The visual and special effects teams deserve all the awards that will no doubt be heaped upon them. There always seems to be a moment in effects-heavy films when an effect doesn’t quite gel and for a split second you are bumped out of the story. It never happened once in Endgame, and that is saying something.
Credit for Endgame’s superb look and feel goes to its cinematographer, Trent Opaloch, and the film’s editors, Jeffrey Ford and Matthew Schmidt, who did an outstanding job, turning out a tight film that never feels overlong, despite the three-hour and one minute runtime. This team has been responsible for a few of the best of the MCU films, including Avengers: Infinity War and Captain America: Winter Soldier, to which Endgame bears more than a passing resemblance.
Of course, the production design team outdid themselves providing the film’s extraordinarily detailed environments. Also, kudos to the costume and makeup departments who really rose to the occasion, presenting familiar characters in ways we have definitely not seen before.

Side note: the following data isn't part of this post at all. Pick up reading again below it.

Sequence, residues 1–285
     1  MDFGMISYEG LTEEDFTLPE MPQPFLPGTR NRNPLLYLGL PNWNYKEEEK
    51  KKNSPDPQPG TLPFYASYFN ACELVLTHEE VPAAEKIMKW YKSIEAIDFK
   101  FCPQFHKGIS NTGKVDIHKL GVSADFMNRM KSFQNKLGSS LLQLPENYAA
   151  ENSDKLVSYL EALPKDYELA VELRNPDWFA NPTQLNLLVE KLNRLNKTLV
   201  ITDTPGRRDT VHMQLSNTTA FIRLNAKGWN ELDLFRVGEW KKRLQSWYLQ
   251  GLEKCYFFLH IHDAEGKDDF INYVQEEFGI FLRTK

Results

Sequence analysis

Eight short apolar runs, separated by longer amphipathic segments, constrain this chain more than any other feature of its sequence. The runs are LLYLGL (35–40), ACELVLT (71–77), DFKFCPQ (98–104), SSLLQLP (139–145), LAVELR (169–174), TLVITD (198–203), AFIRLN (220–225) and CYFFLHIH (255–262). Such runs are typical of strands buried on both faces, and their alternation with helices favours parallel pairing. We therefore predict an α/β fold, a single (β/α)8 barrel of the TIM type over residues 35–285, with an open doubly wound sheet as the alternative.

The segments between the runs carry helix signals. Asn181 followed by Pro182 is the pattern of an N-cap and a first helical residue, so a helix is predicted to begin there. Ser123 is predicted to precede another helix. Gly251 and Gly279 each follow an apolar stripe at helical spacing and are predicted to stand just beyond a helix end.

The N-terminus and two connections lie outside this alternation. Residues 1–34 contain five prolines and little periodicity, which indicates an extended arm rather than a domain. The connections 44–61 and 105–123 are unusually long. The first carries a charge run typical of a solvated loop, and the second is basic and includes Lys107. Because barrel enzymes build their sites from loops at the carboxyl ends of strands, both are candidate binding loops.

There is no doubt that all the energy can be sucked out of an otherwise great film by a score that is less than what it should be. Fortunately for Endgame, Alan Silvestri, who composed the thrilling Avengers theme and has scored three of the four Avengers films, was on board. As he did in the previous films, most notably, Avengers: Infinity War, he delivered flawless musical accompaniment that never got in the way of the action while providing an impeccable backdrop as the story unfolded.
By the way, if you haven’t seen all of the MCU films, don’t worry, you can still enjoy this one. But, in all honesty, to get the full impact, if you have time, see the others first. Every single scene has a ton of history and knowing it makes for a more complete experience.